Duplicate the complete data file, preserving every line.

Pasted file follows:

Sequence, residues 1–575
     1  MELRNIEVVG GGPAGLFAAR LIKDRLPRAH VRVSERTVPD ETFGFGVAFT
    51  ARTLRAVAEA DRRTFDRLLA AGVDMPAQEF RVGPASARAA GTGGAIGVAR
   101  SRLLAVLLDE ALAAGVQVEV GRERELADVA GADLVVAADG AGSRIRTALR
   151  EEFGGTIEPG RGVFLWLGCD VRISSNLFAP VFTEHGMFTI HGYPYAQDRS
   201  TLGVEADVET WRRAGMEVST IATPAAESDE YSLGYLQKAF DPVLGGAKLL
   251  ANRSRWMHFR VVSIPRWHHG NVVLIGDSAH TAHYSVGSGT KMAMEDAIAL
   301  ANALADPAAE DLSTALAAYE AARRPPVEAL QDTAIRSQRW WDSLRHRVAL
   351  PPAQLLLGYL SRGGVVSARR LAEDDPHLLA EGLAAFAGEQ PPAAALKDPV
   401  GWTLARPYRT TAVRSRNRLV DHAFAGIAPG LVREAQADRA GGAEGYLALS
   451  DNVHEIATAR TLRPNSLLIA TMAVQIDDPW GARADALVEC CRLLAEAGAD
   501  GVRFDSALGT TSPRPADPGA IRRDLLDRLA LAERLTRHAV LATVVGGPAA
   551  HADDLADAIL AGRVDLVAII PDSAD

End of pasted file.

Sequence, residues 1–575
     1  MELRNIEVVG GGPAGLFAAR LIKDRLPRAH VRVSERTVPD ETFGFGVAFT
    51  ARTLRAVAEA DRRTFDRLLA AGVDMPAQEF RVGPASARAA GTGGAIGVAR
   101  SRLLAVLLDE ALAAGVQVEV GRERELADVA GADLVVAADG AGSRIRTALR
   151  EEFGGTIEPG RGVFLWLGCD VRISSNLFAP VFTEHGMFTI HGYPYAQDRS
   201  TLGVEADVET WRRAGMEVST IATPAAESDE YSLGYLQKAF DPVLGGAKLL
   251  ANRSRWMHFR VVSIPRWHHG NVVLIGDSAH TAHYSVGSGT KMAMEDAIAL
   301  ANALADPAAE DLSTALAAYE AARRPPVEAL QDTAIRSQRW WDSLRHRVAL
   351  PPAQLLLGYL SRGGVVSARR LAEDDPHLLA EGLAAFAGEQ PPAAALKDPV
   401  GWTLARPYRT TAVRSRNRLV DHAFAGIAPG LVREAQADRA GGAEGYLALS
   451  DNVHEIATAR TLRPNSLLIA TMAVQIDDPW GARADALVEC CRLLAEAGAD
   501  GVRFDSALGT TSPRPADPGA IRRDLLDRLA LAERLTRHAV LATVVGGPAA
   551  HADDLADAIL AGRVDLVAII PDSAD